Three Inductees Named to UK Equine Research Hall of Fame

The Gluck Equine Research Foundation will induct three scientists into the University of Kentucky (UK) Equine Research Hall of Fame Sept. 23 at Keeneland Race Course.

George Allen, PhD, a posthumous inductee formerly of UK's Gluck Equine Research Center; Eugene Lyons, PhD, of UK's Gluck Equine Research Center; and Stephanie Valberg, DVM, PhD, of the University of Minnesota, were selected for their contributions to equine science and research. Nominated by their peers and colleagues, these three individuals were selected by past Hall of Fame inductees.

"On behalf of the Gluck Equine Research Foundation board, I would like to congratulate this year's inductees," said Walter Zent, DVM, chairman of the foundation's board of directors. "We were fortunate to have many excellent nominees who have dedicated their lives to equine research."

A Kentucky native, Allen joined the faculty in the Department of Veterinary Science at UK as an assistant professor in 1978 and was promoted to professor in 1987 until his death in 2008. Among Allen's most important accomplishments were the elucidation of equine herpesvirus-1 (EHV-1) pathogenesis, his findings about the importance of cytotoxic T cells in controlling EHV-1 infection, an equine model for neurologic diseases caused by EHV-1, and the identification of risk factors for the development of this severe clinical outcome.

"George Allen was a truly dedicated, highly creative, and accomplished scientist whose contributions to the field of equine herpes virology were unmatched throughout his highly productive career in equine research," said Peter Timoney, FRCVS, PhD, the Frederick Van Lennep Chair in Equine Veterinary Science at the Gluck Equine Research Center.

Lyons joined the faculty in the Department of Veterinary Science at UK in 1963 and was promoted to professor in 1977. In his more than 45-year career Lyons work continues to provoke interest in the equine parasitism. He was the first to demonstrate the transmission of helminth parasites in a dam's milk to her offspring, which has been extended to a number of host parasite relationships with all the significance to the epidemiology of infections this implies.

"This is a great, and I personally feel, nondeserved honor for myself alone," Lyons said. "It is unfortunate that the other team members, Sharon Tolliver and Sandra Collins, cannot be included as co-awardees."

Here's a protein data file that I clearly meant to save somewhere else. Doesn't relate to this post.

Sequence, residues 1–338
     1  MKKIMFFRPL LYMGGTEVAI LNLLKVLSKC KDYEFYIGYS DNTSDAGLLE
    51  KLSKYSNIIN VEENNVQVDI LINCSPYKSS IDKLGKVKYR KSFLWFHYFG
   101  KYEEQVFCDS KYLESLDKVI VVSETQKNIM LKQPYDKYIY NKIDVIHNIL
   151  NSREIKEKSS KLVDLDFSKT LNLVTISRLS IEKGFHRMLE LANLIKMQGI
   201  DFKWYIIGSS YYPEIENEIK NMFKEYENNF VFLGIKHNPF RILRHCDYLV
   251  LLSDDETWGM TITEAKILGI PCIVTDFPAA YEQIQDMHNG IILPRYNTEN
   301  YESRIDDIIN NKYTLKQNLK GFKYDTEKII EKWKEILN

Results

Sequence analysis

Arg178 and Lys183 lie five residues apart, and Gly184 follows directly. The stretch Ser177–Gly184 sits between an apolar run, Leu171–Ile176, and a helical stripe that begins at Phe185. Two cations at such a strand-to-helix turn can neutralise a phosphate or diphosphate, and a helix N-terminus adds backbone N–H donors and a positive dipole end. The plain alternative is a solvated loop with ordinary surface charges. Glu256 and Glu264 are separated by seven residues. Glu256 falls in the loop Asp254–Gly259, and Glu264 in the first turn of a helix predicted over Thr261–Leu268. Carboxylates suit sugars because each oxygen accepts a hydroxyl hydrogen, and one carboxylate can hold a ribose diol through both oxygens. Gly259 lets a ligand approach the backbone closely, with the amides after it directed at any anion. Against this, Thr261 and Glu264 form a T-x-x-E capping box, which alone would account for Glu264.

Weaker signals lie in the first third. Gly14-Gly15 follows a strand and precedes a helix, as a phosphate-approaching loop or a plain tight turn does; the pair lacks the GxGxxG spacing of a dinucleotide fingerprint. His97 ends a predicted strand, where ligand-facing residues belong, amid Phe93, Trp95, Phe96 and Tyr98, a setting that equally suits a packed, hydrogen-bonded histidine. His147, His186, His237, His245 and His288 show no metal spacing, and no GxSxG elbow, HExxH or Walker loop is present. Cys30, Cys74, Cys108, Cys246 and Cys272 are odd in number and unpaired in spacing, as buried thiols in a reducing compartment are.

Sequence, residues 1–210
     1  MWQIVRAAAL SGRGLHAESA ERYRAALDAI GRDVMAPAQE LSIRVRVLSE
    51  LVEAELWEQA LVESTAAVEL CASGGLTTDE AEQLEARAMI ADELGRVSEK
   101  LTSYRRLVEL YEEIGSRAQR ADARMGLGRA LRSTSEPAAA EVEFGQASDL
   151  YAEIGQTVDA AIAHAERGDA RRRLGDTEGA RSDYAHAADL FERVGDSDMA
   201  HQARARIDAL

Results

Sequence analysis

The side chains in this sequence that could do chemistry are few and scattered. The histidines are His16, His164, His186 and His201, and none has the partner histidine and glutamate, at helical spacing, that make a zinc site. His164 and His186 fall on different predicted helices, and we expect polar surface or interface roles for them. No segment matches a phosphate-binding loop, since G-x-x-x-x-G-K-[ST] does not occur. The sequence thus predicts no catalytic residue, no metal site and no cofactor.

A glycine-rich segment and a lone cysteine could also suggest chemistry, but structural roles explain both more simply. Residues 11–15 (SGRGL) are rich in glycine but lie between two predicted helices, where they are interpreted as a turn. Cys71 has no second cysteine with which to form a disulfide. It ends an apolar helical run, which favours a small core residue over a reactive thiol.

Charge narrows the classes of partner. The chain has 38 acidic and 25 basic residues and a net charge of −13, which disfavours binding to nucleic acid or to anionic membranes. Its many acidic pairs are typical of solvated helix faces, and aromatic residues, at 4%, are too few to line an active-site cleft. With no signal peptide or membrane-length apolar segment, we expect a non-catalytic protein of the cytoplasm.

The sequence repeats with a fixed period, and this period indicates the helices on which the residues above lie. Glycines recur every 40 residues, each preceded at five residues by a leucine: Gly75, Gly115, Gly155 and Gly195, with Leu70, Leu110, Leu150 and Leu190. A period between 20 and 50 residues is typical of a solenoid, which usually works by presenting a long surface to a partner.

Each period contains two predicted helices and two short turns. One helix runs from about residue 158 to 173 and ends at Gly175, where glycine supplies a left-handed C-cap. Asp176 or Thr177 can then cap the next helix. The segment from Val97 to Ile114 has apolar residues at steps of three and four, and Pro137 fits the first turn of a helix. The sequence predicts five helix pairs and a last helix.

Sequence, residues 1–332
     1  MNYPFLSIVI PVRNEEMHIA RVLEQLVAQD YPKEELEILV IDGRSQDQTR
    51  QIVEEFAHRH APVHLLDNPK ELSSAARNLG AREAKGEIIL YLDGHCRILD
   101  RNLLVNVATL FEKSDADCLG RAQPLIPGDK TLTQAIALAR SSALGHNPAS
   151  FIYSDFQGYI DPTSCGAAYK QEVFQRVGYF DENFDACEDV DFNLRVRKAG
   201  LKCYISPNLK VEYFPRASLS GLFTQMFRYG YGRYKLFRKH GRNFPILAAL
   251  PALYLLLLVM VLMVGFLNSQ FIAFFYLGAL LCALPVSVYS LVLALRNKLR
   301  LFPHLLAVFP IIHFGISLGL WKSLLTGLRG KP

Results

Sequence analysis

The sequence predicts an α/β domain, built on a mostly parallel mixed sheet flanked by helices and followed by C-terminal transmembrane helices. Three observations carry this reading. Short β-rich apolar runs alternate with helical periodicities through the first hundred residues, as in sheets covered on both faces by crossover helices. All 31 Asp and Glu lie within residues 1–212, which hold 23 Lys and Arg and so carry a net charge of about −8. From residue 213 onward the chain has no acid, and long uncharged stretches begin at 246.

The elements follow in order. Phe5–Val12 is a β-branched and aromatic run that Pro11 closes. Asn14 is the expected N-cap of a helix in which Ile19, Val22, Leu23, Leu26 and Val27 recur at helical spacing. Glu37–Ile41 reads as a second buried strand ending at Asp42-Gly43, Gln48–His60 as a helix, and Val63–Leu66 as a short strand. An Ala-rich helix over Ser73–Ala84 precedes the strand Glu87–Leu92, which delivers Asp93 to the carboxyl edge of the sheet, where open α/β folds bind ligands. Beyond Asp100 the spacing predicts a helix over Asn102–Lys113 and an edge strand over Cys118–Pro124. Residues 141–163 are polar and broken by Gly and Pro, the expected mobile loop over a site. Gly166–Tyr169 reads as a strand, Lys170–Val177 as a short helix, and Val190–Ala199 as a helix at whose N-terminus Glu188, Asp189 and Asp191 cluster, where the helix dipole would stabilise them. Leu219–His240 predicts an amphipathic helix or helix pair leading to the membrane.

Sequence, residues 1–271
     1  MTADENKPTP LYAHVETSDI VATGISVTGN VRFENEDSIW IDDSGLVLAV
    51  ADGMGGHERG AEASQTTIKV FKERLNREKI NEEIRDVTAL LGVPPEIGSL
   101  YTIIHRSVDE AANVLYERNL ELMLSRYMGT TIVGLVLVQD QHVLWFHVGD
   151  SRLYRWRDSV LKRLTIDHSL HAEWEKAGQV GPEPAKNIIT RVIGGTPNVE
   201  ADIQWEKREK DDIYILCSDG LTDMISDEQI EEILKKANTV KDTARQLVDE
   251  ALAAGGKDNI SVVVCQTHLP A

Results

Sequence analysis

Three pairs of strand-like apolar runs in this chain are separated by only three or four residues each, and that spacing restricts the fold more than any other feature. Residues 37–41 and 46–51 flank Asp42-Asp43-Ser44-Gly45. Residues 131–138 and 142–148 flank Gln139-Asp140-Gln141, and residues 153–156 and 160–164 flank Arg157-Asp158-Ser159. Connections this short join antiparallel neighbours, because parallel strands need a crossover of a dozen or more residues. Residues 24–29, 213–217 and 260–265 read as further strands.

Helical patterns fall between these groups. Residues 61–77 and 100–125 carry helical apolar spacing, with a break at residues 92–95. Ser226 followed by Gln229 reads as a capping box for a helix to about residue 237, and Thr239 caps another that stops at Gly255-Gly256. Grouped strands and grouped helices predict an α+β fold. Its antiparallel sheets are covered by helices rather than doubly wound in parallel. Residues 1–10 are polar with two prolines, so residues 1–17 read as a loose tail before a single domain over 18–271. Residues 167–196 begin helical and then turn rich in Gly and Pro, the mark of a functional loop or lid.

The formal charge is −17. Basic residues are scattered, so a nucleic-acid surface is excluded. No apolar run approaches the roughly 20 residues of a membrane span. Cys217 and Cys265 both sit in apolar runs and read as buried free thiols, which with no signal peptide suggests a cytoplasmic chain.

Valberg, director of the University of Minnesota's Equine Center, established the university's Neuromuscular Diagnostic Laboratory, which receives muscle biopsy submissions from horses around the world. Valberg has been a pioneer in unraveling the mystery of tying up and other muscle disorders in horses. Through her research, previously unknown muscle disorders were discovered, their genetic basis identified, and nutritional strategies developed to minimize muscle pain. Her work in equine myopathies has revolutionized equine practice.

"I am honored to be among such distinguished scientists in the Hall of Fame," said Valberg. "My research has been fueled by a passion for horses, by the wisdom of colleagues such as Dr. Jim Mickelson and the hard work of terrific graduate students."

Equine Research Hall of Fame nominees can be living or deceased, active or retired in the field of equine research. Established in 1990, the Equine Research Hall of Fame honors international scientific community members biennially who have made equine research a key part of their careers, recognizing their work, dedication, and achievements in equine research.

Past inductees include: W. R. Allen, Douglas F. Antczak, John T. Bryans, William W. Dimock, Elvis R. Doll, Jr., Harold Drudge, Phillip R. Edwards, Baltus J. Erasmus, Harold E. Garner, Oliver J. Ginther, Harold Hintz, Sir Frederick Hobday, Leo B. Jeffcott, Robert M. Kenney, I.G. Joe Mayhew, Travis C. McGuire, Jr., C. Wayne McIlwraith, Alan J. Nixon, Peter D. Rossdale, Edward L. Squires, Clyde Stormont, Sir Arnold Theiler, and Peter J. Timoney.

The Maxwell H. Gluck Equine Research Center, on the University of Kentucky campus, is home to the Equine Research Hall of Fame. For more information, visit

Jenny Blandford is the Gluck Equine Research Foundation Coordinator at the Gluck Center.

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